“I want to design furniture that grows up out of the floor,” said Verner Panton. “To turn the furniture into something organic. Which never has four legs.” Pushing materials to their limits was a passion of this Danish architect and designer, who always approached design challenges in unconventional ways. Panton spent three years developing his System 1-2-3 series (1973), which has been rescued from the Panton Estate archives and brought back into production. The 1-2-3 name originally referred to the fact that there were three ways to get it, from a chair without padding to a deluxe leather version. With the relaunch, all of the chairs have the same comfortable padding, and only the upholstery options differ. The 1-2-3 Dining Chair is built on a swivel base for easy entry and exit. Its cantilevered fame delivers pleasing slightly springy support and a gentle waterfall edge behind your knees. This chair is produced under license from the Verner Panton Estate in Basel, Switzerland. Includes a certificate of authenticity and Panton’s signature stamped into the base. Made in Denmark.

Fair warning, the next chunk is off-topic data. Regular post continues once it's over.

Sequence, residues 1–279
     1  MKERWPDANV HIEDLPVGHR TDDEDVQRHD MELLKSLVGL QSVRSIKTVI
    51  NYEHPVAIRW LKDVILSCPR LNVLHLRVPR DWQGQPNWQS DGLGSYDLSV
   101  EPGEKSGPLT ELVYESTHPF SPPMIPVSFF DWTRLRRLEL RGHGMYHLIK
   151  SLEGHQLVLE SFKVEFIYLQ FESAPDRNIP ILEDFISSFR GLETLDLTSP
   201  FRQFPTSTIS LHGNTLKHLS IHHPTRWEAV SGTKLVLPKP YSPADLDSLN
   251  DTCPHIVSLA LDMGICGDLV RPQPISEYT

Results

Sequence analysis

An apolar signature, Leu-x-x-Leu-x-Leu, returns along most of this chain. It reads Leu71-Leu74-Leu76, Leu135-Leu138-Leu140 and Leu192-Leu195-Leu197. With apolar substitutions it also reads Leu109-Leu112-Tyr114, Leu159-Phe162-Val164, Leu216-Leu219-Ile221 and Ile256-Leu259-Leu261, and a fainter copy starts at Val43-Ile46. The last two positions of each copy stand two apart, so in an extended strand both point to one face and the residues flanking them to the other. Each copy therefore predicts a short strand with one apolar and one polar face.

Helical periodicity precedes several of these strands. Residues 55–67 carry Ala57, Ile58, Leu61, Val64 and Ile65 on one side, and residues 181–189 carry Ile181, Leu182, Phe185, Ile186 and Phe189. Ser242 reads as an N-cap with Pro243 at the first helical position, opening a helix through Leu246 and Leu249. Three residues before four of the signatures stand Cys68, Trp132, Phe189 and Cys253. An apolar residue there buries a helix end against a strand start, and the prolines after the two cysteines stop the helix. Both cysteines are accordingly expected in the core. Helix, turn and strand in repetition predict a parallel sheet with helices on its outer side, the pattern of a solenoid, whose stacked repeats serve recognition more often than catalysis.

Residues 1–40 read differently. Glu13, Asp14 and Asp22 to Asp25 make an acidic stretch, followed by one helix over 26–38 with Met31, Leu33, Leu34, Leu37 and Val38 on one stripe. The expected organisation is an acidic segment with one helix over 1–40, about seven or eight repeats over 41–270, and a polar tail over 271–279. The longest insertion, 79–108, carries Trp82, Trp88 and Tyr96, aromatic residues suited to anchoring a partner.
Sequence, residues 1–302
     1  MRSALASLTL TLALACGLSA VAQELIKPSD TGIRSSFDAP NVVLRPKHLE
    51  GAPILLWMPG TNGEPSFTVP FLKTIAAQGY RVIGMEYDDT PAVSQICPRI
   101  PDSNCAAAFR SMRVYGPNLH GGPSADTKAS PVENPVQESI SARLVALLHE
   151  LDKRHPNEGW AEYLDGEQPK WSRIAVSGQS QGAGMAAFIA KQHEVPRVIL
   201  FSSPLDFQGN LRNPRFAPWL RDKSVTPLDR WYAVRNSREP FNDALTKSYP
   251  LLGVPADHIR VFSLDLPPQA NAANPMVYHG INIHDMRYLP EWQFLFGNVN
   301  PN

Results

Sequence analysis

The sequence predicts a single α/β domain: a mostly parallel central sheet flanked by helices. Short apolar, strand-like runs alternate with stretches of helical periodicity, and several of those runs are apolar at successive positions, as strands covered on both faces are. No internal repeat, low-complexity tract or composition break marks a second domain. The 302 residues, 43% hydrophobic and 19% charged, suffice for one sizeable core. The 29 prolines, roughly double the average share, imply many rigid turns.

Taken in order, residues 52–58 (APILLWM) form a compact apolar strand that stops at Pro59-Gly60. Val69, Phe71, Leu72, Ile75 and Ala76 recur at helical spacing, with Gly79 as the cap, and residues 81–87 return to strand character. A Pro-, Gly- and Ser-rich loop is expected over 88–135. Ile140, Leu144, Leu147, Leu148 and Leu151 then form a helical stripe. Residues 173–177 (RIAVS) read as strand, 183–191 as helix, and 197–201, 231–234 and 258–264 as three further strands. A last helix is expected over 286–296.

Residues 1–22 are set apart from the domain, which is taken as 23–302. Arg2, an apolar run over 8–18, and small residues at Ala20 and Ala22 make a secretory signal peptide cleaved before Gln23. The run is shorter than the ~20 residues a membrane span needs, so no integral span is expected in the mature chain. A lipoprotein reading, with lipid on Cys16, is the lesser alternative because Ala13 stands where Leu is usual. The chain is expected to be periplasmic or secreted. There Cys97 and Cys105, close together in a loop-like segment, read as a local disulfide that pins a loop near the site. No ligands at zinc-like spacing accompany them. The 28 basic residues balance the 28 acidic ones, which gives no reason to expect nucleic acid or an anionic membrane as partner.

Even if Verner Panton's creative output was reduced to the eponymous Panton Chair, his name would still be assured in the pantheon of modern design. With the Panton Chair, the first example of single-formed injection moulded plastic seating, Panton succeeded in creating one of the most daring and famous chair designs of the twentieth century.
Born on the island of Funen in Denmark, Panton came to design, like many of his colleagues, via the study of architecture at the Academy of Art in Copenhagen. After graduating, Panton landed an apprenticeship at the office of Arne Jacobsen, assigned to assist the master on the iconic "Ant" Chair. Although deeply influenced by the organic forms of Jacobsen and others typical of 1958. Panton first established himself at the forefront of avant-garde design with furniture based on extravagant, geometric forms and use of strong colors, such as the Cone Chair of 1958. Along with the Panton Chair, which was designed in the early 1960's, but was not put into production until 1967 due to its technical challenges, these designs cemented Verner Panton's reputation as a designer of an original and uncompromising approach. Read more >